We also have quite the menagerie of animals that keep us busy, including parrots, doves, chickens, geese, turkeys, rabbits, a python, a tortoise and a bearded dragon. So there are plenty of distractions to go around for everyone.
What else do you have coming up that the readers can look forward to?
I’ve been working on a game called Warframe for a few months now. The first round of music I did for it was for Deadlock Protocol, which was released a few weeks ago. Digital Extremes is constantly releasing new content. In fact, I’m currently working on another set of cues for an upcoming release. It’s quite fun because it’s sci-fantasy type stuff, which I really enjoy writing but rarely am afforded the opportunity.
What can you tell us about composing for The Dark Pictures Anthology in terms of the challenges you faced and the approach you took?
It’s wonderful being a part of the Dark Pictures team with Supermassive Games. I feel like we’ve all been going on this incredible journey together since Until Dawn. Every new title is a new adventure! The music for Man of Medan reflected the setting and story – modern day on the ocean with bits of WWII ghosts thrown in for good measure. Little Hope is a completely different game with a completely different setting and time period – we actually flash back and forth between the late 1970s and the late 1600s.
So my approach, which is usually the same for every new project, is to examine the setting and story to figure out what music from that time would have possibly sounded like. The 1970s is fairly obvious, but I was definitely attracted towards the idea of music from the 1600s. So the score is very antiquated and live sounding. It can be out of tune and rhythmically imperfect to the point of almost sounding like a mistake! I was going for the idea of a “modern yet obsolescent” sound for the music. Like something that would not sound out of place being performed as source music inside the game.
It must have been tough with multiple outcomes for each character so how did you resolve that challenge?
My scores for all of Supermassive’s games are much more complex and granular than any others, due mostly to the branching narrative and multiple outcomes. But that’s one of the many exciting things about music for games! It all comes down to systematic planning and communication with Barney Pratt, the Audio Director at Supermassive. First, we’ll get as much broad stroke coverage of the different gameplay options as possible. Then we start breaking things up into even smaller pieces, sometimes as granular as single instruments.
Looking back on your first game score until now; what would you say is the biggest thing you have learned about scoring games?
Interactivity and implementation is everything! Of course, when I was first in the industry there wasn’t really much control over the interactivity of the music in games – more like “start music” and “stop music.” But as the tech grew, all of us in the trenches of music for games kept pushing and trying new things. Every new title was a new opportunity. Every year brought more options and choices.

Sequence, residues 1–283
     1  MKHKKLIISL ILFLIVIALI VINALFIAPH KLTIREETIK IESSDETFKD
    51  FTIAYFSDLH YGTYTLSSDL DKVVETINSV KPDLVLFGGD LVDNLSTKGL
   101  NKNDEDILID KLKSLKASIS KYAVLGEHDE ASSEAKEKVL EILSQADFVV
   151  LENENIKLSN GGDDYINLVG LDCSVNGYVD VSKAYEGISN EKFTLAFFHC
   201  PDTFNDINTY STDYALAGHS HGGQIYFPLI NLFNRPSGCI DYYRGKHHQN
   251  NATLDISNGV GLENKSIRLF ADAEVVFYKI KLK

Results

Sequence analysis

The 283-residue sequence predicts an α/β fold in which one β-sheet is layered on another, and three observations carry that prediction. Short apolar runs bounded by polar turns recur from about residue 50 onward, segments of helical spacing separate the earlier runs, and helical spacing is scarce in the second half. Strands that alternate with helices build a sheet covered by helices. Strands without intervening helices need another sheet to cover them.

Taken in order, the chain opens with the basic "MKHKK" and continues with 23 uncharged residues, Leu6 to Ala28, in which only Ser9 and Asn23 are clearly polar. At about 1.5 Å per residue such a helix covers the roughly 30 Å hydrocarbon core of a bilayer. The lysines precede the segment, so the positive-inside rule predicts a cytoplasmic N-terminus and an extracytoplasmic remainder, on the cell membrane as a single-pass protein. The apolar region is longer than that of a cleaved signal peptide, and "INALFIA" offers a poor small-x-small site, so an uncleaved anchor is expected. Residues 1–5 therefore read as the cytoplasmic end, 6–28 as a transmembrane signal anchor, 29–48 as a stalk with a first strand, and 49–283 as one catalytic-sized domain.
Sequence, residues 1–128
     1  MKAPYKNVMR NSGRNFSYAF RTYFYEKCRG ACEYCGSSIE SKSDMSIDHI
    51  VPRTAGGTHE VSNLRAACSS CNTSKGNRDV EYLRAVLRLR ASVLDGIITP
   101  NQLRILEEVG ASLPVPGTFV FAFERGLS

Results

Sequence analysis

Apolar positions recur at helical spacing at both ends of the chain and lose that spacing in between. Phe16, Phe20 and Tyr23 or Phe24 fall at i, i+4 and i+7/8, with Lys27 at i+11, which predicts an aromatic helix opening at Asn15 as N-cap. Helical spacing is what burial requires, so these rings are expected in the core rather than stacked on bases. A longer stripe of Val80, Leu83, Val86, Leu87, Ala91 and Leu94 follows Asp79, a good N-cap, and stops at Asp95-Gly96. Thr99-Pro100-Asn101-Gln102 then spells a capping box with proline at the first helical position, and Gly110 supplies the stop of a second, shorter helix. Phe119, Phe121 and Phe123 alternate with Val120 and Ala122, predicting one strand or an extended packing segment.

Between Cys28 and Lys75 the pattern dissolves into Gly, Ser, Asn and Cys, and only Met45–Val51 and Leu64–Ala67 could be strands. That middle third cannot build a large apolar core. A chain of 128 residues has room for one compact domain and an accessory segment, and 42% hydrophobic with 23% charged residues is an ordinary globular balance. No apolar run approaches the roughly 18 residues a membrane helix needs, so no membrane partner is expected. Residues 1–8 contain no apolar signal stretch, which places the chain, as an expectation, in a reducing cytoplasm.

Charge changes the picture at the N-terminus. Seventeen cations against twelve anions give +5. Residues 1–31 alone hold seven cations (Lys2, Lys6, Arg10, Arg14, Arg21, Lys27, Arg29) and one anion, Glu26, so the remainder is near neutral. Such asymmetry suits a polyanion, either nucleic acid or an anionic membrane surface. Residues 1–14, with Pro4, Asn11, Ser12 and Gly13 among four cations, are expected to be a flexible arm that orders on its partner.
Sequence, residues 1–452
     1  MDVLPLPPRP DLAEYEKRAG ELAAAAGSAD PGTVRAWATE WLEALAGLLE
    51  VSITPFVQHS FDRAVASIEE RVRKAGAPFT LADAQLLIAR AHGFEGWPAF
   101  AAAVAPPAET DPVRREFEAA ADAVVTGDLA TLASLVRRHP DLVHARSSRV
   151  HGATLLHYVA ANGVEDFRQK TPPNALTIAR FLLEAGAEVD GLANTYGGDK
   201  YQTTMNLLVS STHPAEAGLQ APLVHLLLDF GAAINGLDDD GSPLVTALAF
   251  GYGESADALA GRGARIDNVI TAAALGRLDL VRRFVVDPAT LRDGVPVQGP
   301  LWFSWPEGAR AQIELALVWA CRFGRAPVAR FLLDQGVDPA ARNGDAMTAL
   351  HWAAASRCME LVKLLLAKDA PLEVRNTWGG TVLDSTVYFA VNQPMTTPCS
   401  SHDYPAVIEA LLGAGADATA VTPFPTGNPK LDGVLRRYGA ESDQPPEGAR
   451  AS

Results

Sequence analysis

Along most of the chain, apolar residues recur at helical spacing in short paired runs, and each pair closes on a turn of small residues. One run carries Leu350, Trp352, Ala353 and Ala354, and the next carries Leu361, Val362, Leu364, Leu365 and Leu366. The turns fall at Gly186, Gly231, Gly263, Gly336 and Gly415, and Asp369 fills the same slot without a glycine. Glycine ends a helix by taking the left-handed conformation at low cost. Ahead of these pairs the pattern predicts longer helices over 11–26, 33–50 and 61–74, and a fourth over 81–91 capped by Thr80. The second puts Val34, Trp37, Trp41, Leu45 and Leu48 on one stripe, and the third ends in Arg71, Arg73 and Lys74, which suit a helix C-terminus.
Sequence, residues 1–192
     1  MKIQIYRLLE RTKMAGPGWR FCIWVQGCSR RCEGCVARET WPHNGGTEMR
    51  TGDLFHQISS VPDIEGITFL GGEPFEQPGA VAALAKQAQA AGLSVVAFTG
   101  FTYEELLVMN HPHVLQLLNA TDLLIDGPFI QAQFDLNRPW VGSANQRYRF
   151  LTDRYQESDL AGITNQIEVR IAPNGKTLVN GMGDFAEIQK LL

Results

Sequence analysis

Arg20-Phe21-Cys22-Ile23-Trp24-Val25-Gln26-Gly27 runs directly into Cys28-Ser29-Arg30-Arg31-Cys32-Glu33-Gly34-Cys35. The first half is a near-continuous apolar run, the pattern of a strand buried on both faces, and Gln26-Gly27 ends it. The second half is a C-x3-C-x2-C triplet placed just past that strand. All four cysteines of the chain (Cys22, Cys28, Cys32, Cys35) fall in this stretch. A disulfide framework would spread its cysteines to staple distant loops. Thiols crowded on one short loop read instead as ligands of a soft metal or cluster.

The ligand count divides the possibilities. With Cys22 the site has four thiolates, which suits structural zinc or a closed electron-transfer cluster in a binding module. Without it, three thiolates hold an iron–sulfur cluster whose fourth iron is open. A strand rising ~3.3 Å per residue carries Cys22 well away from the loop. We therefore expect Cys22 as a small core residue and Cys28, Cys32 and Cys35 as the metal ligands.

Does scoring a game change much from studio to studio or is the process fairly consistent?
The size and scope of each score is obviously different, but the overall mechanics and requirements of the music, regardless of genre or design, remain the same. The music should be emotionally supporting the gameplay as it evolves. And I always try to use new sounds and instruments for every new project. It keeps things interesting for me and developers love the idea of their scores sounding fresh and original.
Your resume is like a Gaming favorites list, what can you tell us about scoring Dead Space as that is one of my favorite series of all time.
You’re too kind, thank you! That was quite the trial by fire as we were such a small team when we first started working on the first Dead Space. It was definitely a passion project for everyone involved. Ironically, the recording sessions I conducted with the live musicians were quite funny. We had a few ruined takes from musicians laughing out loud before the take was officially finished! I was asking them to perform the kinds of things they had spent their entire careers learning “not to do,” like play out of time, pick whatever notes they choose and play them as loud as possible, or play completely random notes as quietly as they could. So they were literally being asked to play like 5 year olds, and I think they really enjoyed it!
That last “play random notes as quietly as possible” was one of my favorite techniques, and it was used quite a bit in the game. It actually sounds a lot like room tone, or maybe the ship’s engine. It’s very static and is playing pretty much all the time, but really functions more on a subliminal level to put listeners in a slightly uncomfortable, anxious mood. It’s funny to think such light-hearted, laughter-filled recording sessions ended up producing such terrifying sounds!